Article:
Go Figure

Marcy Lansman

Many of these paintings express my nostalgia for a kind of childhood play that seems rare today, nostalgia for a time when children ran around outdoors uncoached and unscheduled. I’m intrigued by the excitement and collaboration that emerges from that kind of play. Below is a painting of one young boy pouring water on another. I love the combination of concentration and curiosity on the pourer’s face


This and several other paintings are based on fifty-year old photos of my sons. I’ve solicited candid photos from friends and family, but often what I get back are smiling faces looking straight into the camera. So I’ve taken to lurking around public playgrounds with my camera, concerned that some parent will suspect I’m up to no good. My friends assure me that at my age I don’t need to worry, but I keep a “bio-card” in my pocket just to prove I’m a legitimate artist.

For the painting below, I photographed a group of girls cooking up a witches brew of moss and leaves at the bottom of a slide. (I’ve transformed the slide into a kettle.) No one was urging them on or encouraging them to be creative. I watched them for fifteen minutes charmed by their obliviousness and intensity.



Many of my paintings are labeled “ mixed media” because of a technique I use to create the surface. I put down layers of various kinds of rice paper and gesso, producing a random pattern. Then I use layers of watery acrylic paint to create the image. Since paper and gesso take the paint differently, the surface varies in texture and color. This technique is one way of avoiding the “plasticky” look of acrylic paint, making acrylic paint look a little like watercolor.

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Dreaming in Color

Sky is Bluer Thank the SeaAlice Levinson

TEXTILE can be a confusing label for a piece of artwork. It truly is an umbrella term which encompasses a wide range of work from quilts to weavings, from fashion to tapestries. Each of these categories of textile is identified by the manner in which the cloth and/or fiber is assembled (e.g., sewn, woven, or quilted). When I started work with textiles,I was drawn to the texture, handof cloth. I worked with cloth I sourced from stores, scrap, or vintage collections. My interest was to use it to assemble visually interesting compositions.

Most often these compositions also had a thread of narrative at their core.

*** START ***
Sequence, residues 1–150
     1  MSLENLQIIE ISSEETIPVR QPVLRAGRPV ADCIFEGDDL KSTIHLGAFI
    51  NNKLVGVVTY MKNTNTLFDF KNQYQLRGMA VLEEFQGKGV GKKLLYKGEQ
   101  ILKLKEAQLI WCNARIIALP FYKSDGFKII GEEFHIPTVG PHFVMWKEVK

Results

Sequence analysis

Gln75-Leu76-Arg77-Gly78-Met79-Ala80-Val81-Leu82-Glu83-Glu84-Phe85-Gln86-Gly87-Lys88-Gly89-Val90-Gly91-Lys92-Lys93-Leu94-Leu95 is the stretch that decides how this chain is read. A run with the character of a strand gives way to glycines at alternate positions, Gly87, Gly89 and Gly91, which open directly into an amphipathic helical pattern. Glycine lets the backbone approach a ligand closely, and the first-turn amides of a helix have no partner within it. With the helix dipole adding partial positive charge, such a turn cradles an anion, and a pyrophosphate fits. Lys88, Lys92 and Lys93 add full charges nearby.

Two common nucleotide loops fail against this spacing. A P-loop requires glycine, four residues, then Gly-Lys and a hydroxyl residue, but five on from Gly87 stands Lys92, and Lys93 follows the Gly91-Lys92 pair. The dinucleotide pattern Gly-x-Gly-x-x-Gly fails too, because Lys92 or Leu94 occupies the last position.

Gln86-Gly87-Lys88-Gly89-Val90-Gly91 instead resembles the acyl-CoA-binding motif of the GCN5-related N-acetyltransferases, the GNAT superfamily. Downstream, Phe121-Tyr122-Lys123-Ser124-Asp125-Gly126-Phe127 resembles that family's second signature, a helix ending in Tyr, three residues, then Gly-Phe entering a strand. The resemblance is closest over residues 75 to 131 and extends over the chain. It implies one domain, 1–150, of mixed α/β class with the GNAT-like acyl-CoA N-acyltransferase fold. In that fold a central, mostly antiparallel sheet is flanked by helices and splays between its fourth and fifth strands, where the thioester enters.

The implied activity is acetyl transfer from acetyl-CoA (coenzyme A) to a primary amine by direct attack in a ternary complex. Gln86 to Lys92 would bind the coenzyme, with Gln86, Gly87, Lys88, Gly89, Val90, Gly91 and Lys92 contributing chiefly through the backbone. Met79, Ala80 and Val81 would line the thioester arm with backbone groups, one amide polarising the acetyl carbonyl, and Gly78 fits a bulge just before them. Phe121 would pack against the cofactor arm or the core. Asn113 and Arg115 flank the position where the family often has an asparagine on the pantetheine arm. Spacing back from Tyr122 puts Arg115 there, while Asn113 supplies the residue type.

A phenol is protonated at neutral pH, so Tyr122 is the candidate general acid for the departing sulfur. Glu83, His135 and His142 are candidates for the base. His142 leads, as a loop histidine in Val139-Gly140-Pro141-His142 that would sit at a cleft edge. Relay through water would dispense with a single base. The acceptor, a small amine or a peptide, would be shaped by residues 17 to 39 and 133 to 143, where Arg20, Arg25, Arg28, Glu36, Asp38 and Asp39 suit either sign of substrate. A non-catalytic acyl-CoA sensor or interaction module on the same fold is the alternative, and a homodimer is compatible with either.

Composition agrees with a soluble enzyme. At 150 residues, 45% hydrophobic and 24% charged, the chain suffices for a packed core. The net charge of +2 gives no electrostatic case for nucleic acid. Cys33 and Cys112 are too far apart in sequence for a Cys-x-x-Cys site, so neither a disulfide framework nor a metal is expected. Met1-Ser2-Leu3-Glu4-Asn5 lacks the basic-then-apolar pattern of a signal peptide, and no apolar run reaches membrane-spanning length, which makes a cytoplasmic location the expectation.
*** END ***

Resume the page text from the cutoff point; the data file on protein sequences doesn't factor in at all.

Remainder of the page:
The more I worked, the more I encountered a variety of fabrics, the more I came to appreciate the role pattern and color played as I assembled my compositions.

Alice'e Stash

My stash of acquired fabric grew. My facility with needle and thread increased. All was good. Then one day I watched a demonstration of cloth dying and a new door opened for me, I was entering the world of surface design, yet another sub-category that falls within the rubric of textile. The hallmark of surface design is the manipulation of the surface of cloth through the application of techniques and substances to create a unique textile.

My facination with the process led, to the first of several workshops to learn

to dye cloth. I learned to prepare carefully the dye concentrates and then begin the magic of turning white cloth to any and every hue. Initially I was limited by my lack of experience and expertise in managing the dying process. As someone once said, practice makes perfect.Well, in my case, practice has made good enough!It was a heady experience to create my own rainbow stash of fabric. From early efforts with muslin and cotton sheeting, I progressed to working with embossed and textured cotton,linen, wool, velvet and silk. Each particular fabric takes the dye in its own way and each has its own particular texture. More learning,hs led to more variety with which to work. In the time to follow I have learned to use the dyes to paint and screenprint my fabrics adding pattern to the elements of color and texture. The cloth that emerges from my wet (dye) studio has become the primary inspiration for my current work which are featured in the exhibit, DREAMING IN COLOR. The use of surface design techniques leads my work to be process driven. This encourages experimentation and sponteneity in my working and results in a liveliness and sense of organic movement in the resulting works. I hope you will visit the exhibit and consider the many steps that have resulted in the works you see.




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